The procedure can also be quite messy and expensive. Diapers are not cheap and if you do not have toddlers are home, you are likely not going to be able to buy diapers individually. 


There are suggestions to pour alcohol in the diaper instead of water to make it more ‘gel like’ but we find that nothing still beats actual gel packs filled with Glycerol. Glycerol keeps the cold compress from freezing into a solid block of ice in the freezer, so you always have a compress that’s always pliable and flexible. 




Among all the homemade gel pack ice procedures, this one will likely belong to the intermediate level as it requires some form of ‘cooking’. 


What you need:


Three to four cups of water

One cup of salt

One cup of cornstarch

Two Ziplock bags

Pot / Stove

Optional: Food colouring 


  1. Start to boil the 3-4 cups of water in a pot.
  2. When the water is boiling, add in your salt and cornstarch. 
  3. Whisk carefully until mixture has reached the consistency of a pudding. 
  4. Optional: Add a few drops of food colouring. 
  5. Whisk further until colour has blended evenly. 
  6. Allow the mixture to cool down.
  7. Pour the goo (this is what it will look like at this point) in a Ziplock bag. Seal the bag making sure no air is inside.
  8. You can double the Ziplock bags to avoid leakage. 
  9. Freeze.


For this D-I-Y gel ice pack procedure, the ‘magic’ ingredient is salt, which slows down the freezing time of water. The downside to this method is that it is time consuming, messy and if you don’t add the cornstarch properly, it can result in a lumpy mess. 



While all these methods on how to make a gel ice pack at home work in some way to relieve your pain and discomfort, these are quick solutions when you do not have a proper gel ice pack yet. 


One important thing to note is that all a homemade gel ice pack will only be used as a cold compress. Yes, homemade is good but it’s not always better. Sometimes, luxury ice packs such as this end up being a more practical and valuable purchase.


For instance, these Magic Gel Ice packs are reusable as a heat or cold compress. If you need it to be a hot compress, you just pop it in the microwave and it’s a hot gel compress. When you need it cold, you can put it in the freezer. The gel pack also comes with a fleece sleeve, along with an adjustable strap. This means that hard to reach but commonly in pain areas like shoulders, elbows, knees and ankles can be easily soothed as the built-in straps also secure them in place. When you have many things to do but so little time, It’s important to be able to still multi-task while healing your aches and pains.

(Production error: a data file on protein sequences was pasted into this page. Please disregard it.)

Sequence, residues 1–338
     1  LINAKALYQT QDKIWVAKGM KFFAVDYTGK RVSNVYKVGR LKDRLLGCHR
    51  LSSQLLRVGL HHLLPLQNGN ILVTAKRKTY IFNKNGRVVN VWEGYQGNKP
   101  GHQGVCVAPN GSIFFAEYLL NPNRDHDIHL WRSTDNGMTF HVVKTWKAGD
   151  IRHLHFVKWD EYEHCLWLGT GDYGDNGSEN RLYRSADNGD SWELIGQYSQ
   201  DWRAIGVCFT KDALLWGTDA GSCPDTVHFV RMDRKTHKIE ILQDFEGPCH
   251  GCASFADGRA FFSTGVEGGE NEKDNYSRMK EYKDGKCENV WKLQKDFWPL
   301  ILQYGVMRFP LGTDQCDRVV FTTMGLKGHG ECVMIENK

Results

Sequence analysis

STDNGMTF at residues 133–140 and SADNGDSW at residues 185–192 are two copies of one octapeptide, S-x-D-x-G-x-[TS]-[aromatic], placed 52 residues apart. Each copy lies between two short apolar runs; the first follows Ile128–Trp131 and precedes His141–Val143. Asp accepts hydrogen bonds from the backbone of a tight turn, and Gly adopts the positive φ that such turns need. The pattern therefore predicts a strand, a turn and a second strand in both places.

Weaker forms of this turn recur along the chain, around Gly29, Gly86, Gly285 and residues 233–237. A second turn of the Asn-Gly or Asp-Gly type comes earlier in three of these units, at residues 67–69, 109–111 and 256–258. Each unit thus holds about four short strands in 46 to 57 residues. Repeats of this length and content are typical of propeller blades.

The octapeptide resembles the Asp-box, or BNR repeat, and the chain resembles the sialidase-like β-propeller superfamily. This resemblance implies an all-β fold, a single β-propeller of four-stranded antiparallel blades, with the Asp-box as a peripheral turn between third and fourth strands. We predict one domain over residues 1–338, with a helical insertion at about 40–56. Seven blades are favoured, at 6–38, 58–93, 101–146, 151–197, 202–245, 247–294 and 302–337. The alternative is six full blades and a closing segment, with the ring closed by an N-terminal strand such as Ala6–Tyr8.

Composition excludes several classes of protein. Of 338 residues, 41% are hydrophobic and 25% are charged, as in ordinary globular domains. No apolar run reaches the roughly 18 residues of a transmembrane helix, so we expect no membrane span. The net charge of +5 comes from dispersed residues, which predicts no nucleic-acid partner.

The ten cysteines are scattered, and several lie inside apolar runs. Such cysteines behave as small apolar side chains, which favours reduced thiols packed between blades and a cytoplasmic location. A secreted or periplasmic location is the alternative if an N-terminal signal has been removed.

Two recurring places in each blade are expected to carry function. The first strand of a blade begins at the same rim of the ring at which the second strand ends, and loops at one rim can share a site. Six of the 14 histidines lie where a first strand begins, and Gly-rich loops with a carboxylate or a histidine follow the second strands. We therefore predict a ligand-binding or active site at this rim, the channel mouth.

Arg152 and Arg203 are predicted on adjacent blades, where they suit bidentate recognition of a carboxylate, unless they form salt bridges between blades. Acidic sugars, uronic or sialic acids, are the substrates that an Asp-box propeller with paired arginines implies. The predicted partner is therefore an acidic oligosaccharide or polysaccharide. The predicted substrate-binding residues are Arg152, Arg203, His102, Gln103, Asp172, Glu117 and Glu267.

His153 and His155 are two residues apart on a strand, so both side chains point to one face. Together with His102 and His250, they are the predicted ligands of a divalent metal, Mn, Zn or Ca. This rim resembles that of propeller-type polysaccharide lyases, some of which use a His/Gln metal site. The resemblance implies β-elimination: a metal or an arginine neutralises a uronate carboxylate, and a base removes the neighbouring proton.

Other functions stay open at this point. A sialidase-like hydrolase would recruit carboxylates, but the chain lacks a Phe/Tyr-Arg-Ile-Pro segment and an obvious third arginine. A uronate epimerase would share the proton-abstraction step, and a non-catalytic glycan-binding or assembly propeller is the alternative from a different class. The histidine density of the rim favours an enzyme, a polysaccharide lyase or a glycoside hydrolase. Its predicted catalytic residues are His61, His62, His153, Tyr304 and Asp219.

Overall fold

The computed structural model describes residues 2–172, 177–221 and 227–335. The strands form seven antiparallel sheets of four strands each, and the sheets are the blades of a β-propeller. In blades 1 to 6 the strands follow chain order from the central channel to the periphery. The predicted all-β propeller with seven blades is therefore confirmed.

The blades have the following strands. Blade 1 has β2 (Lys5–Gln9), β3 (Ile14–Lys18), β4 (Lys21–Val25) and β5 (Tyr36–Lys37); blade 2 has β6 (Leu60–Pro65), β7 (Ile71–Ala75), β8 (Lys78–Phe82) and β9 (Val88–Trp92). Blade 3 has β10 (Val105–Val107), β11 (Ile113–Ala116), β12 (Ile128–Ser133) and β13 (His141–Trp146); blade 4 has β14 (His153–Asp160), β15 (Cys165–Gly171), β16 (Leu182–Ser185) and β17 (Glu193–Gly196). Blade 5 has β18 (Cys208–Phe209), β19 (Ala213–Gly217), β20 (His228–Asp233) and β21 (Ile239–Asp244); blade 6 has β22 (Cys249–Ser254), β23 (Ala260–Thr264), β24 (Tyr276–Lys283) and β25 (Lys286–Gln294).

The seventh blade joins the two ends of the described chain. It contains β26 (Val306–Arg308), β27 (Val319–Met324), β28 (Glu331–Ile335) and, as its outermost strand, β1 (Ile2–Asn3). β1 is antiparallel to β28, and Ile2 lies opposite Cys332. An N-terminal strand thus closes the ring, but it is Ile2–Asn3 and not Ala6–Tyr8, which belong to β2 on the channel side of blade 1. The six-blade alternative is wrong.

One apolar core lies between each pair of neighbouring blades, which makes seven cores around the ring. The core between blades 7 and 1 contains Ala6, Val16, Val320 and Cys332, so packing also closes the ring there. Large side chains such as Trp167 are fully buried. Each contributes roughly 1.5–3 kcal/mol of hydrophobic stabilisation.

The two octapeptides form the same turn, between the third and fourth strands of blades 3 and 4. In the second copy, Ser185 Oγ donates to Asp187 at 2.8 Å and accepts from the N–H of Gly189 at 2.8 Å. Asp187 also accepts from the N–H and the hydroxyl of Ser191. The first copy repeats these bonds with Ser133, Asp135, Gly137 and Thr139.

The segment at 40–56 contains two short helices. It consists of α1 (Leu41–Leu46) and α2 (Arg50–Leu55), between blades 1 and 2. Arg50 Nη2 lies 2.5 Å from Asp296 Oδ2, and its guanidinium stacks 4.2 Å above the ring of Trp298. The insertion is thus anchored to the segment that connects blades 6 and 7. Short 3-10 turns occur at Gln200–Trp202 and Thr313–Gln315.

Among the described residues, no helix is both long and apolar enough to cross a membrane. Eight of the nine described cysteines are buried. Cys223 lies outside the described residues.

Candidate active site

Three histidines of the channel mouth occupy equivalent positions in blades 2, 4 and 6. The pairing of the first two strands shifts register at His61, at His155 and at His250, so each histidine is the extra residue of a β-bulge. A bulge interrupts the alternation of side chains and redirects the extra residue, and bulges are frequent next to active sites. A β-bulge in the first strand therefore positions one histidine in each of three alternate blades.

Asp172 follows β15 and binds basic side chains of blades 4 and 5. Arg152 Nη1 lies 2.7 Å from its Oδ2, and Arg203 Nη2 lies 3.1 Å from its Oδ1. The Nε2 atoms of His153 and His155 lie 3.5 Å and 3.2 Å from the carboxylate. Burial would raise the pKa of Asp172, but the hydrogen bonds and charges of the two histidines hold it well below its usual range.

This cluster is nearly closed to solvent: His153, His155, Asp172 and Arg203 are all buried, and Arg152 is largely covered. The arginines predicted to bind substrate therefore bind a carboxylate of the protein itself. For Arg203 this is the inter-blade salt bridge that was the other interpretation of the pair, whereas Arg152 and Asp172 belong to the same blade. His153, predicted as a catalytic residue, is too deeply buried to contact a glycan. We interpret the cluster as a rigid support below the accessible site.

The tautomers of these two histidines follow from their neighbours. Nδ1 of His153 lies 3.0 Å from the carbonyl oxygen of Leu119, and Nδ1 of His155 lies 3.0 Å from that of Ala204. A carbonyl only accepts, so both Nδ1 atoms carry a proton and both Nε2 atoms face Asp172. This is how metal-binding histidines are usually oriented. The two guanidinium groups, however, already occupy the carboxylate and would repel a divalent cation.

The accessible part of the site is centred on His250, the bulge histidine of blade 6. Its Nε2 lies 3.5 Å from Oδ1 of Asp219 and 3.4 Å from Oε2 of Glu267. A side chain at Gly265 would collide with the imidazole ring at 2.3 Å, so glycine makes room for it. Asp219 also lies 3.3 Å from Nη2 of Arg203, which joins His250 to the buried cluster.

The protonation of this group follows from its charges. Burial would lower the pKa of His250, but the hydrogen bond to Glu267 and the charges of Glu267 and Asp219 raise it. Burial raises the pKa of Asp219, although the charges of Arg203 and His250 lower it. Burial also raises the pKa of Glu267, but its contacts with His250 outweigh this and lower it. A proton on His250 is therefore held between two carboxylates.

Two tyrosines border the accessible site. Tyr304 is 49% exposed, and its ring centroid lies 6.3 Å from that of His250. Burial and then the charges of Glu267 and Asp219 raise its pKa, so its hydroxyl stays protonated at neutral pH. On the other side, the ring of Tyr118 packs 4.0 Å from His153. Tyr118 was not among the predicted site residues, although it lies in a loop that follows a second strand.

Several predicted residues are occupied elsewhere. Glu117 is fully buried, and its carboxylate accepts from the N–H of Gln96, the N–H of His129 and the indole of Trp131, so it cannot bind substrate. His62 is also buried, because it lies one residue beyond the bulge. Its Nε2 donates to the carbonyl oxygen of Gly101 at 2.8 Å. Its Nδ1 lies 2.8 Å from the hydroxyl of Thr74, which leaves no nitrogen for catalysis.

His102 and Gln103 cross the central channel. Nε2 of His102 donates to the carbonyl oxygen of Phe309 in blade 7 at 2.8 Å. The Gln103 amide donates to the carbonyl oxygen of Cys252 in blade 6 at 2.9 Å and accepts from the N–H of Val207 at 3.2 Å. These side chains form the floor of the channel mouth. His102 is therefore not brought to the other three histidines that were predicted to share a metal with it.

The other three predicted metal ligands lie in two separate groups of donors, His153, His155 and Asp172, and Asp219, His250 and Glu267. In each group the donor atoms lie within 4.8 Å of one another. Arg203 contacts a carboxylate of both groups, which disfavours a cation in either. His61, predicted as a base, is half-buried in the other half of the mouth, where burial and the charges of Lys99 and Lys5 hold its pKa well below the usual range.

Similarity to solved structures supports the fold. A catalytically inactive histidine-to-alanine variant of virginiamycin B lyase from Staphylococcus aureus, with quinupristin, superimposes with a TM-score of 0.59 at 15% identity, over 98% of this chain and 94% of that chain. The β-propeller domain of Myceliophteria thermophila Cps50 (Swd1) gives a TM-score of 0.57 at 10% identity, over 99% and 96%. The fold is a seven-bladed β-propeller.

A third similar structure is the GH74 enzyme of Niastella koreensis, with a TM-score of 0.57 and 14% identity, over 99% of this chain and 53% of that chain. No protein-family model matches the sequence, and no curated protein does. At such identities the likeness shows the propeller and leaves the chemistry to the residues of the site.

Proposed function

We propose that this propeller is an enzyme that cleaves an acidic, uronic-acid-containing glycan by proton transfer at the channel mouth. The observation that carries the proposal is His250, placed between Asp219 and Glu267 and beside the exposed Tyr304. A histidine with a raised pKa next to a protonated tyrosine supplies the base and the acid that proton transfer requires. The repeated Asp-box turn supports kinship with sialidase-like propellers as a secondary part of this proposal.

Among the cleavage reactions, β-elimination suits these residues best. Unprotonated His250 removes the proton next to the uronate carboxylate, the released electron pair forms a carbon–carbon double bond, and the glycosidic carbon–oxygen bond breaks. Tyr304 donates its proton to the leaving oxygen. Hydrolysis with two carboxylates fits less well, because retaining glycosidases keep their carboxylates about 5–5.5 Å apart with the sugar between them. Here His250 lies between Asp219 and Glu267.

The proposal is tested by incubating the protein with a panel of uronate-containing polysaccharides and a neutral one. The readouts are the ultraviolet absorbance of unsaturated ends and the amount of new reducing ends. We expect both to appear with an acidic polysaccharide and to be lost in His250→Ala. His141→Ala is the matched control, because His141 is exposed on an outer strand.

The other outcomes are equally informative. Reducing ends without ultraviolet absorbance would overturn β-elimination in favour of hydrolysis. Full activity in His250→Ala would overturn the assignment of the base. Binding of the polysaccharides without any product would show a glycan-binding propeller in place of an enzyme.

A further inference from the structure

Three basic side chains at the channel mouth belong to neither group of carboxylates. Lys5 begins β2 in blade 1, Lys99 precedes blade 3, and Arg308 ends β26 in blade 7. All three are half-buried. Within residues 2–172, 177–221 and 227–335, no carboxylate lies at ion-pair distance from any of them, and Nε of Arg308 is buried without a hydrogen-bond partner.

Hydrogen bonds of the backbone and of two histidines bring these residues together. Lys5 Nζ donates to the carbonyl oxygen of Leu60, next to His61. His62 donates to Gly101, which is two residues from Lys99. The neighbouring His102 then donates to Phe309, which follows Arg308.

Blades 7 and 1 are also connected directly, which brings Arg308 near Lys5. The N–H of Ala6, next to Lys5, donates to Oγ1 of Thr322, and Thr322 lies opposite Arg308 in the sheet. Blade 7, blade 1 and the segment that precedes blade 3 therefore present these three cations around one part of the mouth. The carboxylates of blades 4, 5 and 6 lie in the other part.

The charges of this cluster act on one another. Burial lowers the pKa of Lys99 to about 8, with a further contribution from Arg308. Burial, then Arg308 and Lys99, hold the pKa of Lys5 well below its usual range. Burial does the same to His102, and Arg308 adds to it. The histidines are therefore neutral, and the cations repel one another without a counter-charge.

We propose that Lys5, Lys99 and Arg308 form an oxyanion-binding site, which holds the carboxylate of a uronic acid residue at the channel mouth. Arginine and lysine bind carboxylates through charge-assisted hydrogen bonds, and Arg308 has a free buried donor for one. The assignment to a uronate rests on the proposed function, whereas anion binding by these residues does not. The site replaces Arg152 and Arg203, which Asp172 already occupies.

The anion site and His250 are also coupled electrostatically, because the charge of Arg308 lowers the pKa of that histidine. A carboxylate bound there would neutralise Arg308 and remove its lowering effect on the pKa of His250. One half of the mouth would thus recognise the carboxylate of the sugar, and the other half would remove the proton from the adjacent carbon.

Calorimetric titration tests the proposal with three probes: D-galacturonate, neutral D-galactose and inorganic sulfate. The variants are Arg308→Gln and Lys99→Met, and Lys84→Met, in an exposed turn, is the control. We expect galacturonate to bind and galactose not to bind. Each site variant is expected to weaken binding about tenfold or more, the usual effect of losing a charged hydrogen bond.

But the most crucial point why it’s important to get a proper cold and hot gel pack is: 




If you’ve experienced any type of sprain, strain or injury in your knee, ankle, elbow or wrist , RICE is the immediate treatment recommended by health professionals. 


The R.I.C.E method consists of:


R- Rest the injured area for 48 hours

I – Ice the area for 20 minutes at a time, 4-8 times per day

C- Compress the area to reduce the swelling

E- Elevate the injured area 6 to 10 inches above the heart


Because our gel ice packs already come with a comfortable sleeve and adjustable strap, doing the R.I.C.E method is going to be easy and comfortable. 

Homemade gel ice packs will soon liquify so you will either have to re-freeze or have two on hand. Moreover, homemade gel ice packs do not have sleeves and straps so it requires you (or another person) to hold the pack over the injured area. 


You won’t even have to worry about your injured area getting too cold or wet, as our magic gel packs are filled with Glycerol, which keeps the cold compress from freezing, no matter how long you place it in the freezer. 


You don’t have to be completely immobile when you’re nursing an injury or soothing bodily aches and pains as our magic gel packs will allow you to do this comfortably hands-free!


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3 Ways to make Long Lasting Ice Packs...

Whether you’re an athlete, fitness enthusiast, or somewhere between a couch potato and a thrice-a-week-workout person (like most of us), chances are, you have needed an ice gel pack at least once. And now that many more people are discovering the advantages and convenience of working out at home, the rise of inevitable muscle pains […]

  • 10 Jun '20